Basco Jaunts: Quaint Little Café in Naidi Hills

Heard one of the bunkers in Naidi Hills is now a café.  Open only after office hours because the owners have day jobs.  So I noted to self: to have dinner there tonight.

Naidi Hills used to just be a nice spot to chill and to watch the sunset, nothing there really except for the old bunkers.

These bunkers, forever a fixture and leaves much to be desired, sits atop stunning rolling hills with equally stunning views of the town, Mt. Iraya and the bay.

They couldn’t have picked a better site for the café, finally making good use of the old bunkers.

When I returned in 2007, a 6-storey lighthouse with a viewing deck on the 5th level was a new addition to the vicinity, adding to the Naidi Hills charm.

Built next to it is an Ivatan inspired house that was a guesthouse then, a souvenir shop now.  Guess the guesthouse didn’t pan out so well.

Rows of flowers grown near the house brightens up the already pretty site.
Mt. Iraya peeking out of the clouds as seen from the plaza.

Just a short hike from the town plaza, we walked to dinner passing Sto. Domingo de Basco Church along the way.

Established in 1783, making it the oldest church in Batanes, and perhaps one of the oldest in the Philippines.

Having had our share of coconut crabs in Itbayat already, lobsters were next on our list.

Kinilaw na isda (fish cooked in vinegar), a pako (fiddlehead fern) dish, and inihaw na baboy (grilled pork) complemented the sweet lobsters, steamed to perfection.

When evening came, the mood changed.  The spotlights puts focus on the dinner tables outside and the lighthouse dramatically provides the backdrop, bringing al fresco dining into a whole new level.

Setting ambience aside, Bunker Café is a delight in the food department.  Put pack ambience and the café is definitely a winner.

A must visit when in Batanes.

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8 Responses to Basco Jaunts: Quaint Little Café in Naidi Hills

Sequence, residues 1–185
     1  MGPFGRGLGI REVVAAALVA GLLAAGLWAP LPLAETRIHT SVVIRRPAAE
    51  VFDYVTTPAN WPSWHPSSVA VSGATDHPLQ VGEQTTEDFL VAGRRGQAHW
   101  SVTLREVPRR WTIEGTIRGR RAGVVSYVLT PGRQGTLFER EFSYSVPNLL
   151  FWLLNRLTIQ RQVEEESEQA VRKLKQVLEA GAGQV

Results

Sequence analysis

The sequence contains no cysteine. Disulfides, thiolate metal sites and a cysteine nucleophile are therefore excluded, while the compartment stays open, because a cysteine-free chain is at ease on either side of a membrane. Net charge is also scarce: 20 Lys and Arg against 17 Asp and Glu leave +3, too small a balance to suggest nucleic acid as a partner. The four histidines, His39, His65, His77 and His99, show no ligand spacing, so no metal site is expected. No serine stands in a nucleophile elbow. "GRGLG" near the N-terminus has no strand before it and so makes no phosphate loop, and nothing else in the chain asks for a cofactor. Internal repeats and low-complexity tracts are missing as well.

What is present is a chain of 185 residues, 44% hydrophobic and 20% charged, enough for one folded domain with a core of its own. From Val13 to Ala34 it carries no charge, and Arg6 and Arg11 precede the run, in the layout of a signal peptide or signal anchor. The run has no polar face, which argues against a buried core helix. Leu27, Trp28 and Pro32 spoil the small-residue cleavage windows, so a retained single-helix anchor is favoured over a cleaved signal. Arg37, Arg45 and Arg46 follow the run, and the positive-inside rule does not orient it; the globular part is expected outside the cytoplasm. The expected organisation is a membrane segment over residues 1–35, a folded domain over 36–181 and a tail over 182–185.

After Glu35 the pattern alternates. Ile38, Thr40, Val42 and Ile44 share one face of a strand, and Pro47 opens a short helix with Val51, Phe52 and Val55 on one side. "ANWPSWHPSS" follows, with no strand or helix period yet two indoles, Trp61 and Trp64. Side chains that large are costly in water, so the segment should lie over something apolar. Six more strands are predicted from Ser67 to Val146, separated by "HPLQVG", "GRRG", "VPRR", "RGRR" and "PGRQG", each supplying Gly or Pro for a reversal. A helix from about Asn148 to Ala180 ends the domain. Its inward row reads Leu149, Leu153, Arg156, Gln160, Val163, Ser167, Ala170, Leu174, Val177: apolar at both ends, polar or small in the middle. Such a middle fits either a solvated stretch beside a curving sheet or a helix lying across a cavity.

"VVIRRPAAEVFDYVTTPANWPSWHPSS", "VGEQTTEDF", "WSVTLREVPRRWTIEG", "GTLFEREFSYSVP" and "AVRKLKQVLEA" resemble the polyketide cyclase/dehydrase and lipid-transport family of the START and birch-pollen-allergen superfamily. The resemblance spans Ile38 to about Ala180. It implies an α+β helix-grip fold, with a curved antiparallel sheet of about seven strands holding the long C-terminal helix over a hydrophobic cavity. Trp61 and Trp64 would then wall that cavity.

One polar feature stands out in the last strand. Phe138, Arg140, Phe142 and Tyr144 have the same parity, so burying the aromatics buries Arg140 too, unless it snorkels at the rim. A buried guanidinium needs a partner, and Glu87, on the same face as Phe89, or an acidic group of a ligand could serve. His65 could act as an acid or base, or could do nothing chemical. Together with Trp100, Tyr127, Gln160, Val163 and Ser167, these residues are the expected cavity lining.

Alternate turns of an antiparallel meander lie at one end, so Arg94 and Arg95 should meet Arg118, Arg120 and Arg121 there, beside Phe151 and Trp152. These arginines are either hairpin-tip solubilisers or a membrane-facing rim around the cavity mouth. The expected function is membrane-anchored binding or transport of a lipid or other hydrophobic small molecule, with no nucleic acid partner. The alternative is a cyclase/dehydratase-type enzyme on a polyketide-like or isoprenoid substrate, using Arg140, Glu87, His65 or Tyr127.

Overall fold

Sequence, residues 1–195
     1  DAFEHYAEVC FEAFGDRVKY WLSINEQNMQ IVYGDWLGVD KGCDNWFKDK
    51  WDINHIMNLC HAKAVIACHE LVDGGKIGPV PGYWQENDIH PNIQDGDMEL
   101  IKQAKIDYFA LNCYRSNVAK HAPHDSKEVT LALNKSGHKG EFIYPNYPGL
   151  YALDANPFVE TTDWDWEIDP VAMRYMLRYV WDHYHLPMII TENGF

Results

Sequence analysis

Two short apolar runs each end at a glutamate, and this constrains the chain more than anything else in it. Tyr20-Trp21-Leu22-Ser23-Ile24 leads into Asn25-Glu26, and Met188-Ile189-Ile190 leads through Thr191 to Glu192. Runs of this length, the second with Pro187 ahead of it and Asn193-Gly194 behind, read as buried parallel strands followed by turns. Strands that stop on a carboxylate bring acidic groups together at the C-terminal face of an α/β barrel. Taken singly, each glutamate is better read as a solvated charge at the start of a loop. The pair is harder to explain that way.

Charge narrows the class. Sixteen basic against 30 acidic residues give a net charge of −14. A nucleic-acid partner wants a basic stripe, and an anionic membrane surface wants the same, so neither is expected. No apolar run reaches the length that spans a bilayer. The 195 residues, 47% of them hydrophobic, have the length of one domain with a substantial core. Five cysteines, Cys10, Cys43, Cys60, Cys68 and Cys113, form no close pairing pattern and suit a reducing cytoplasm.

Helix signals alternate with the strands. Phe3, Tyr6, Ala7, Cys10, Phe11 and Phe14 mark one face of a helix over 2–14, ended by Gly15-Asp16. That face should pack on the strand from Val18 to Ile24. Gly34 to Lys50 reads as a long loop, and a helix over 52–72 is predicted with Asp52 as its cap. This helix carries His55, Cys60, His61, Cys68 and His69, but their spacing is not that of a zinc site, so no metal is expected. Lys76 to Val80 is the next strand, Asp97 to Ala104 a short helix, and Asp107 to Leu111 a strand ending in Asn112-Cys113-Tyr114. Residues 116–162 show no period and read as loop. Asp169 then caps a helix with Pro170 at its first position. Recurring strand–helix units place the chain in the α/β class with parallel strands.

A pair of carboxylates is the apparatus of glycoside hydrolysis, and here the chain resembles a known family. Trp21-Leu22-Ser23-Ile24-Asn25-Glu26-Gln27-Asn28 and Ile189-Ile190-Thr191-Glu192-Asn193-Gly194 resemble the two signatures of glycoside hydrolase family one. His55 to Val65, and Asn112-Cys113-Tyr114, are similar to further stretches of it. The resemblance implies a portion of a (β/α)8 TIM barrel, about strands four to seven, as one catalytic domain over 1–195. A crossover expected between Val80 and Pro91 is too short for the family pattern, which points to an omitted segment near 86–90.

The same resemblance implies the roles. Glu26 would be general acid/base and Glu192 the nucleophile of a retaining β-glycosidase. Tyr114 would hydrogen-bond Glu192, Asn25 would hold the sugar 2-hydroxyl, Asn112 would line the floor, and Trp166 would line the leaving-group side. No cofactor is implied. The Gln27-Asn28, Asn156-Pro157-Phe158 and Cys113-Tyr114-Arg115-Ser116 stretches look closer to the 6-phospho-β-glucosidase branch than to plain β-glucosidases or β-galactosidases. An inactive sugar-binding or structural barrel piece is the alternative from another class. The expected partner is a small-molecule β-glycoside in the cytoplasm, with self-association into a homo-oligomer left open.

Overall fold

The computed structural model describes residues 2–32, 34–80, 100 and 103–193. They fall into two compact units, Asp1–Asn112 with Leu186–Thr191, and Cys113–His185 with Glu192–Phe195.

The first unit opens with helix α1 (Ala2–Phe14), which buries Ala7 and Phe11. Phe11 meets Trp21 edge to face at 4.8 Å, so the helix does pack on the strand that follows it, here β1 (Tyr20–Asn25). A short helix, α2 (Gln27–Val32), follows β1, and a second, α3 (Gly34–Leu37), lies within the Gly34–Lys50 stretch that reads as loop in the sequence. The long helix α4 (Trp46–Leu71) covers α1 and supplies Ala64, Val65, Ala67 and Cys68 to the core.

1. Andrea says:

    We have seen it full of people, but i think that time an early reservation is a must, as the place is small. Maybe all those bunkers need to be used altogether depending on the reserving customer numbers. lovely photos too, oh how i miss Batanes.

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  2. ewok1993 says:

    how could a guesthouse not flourish there? with sweeping views like that?

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    • Jenn says:

      I know, right? My guess is that it was not marketed well or perhaps it’s away from town and pretty isolated at night. i would have loved to stay there, even for just a night.

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  3. Luna Miranda says:

    were the bunkers built during WW II? the view from the bunker is breathtaking–i’ll have cups of coffee here until the sun goes down.:p the zinnias, the church are beautiful. and the food–what a feast! i loveeeeee pako salad…kinilaw…YUM! drooling here!*LOL*

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    • Jenn says:

      Yes Luna, the bunkers were from WW II. Cups of coffee or bottles of beer!!! If you find your way there, do spend time in here — food is really good.

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  4. Bryan says:

    Sounds like a great space. I love little places like that. And your pictures are beautiful.

    Like

  5. Pingback: Batanes Eats | Storm In My Kitchen

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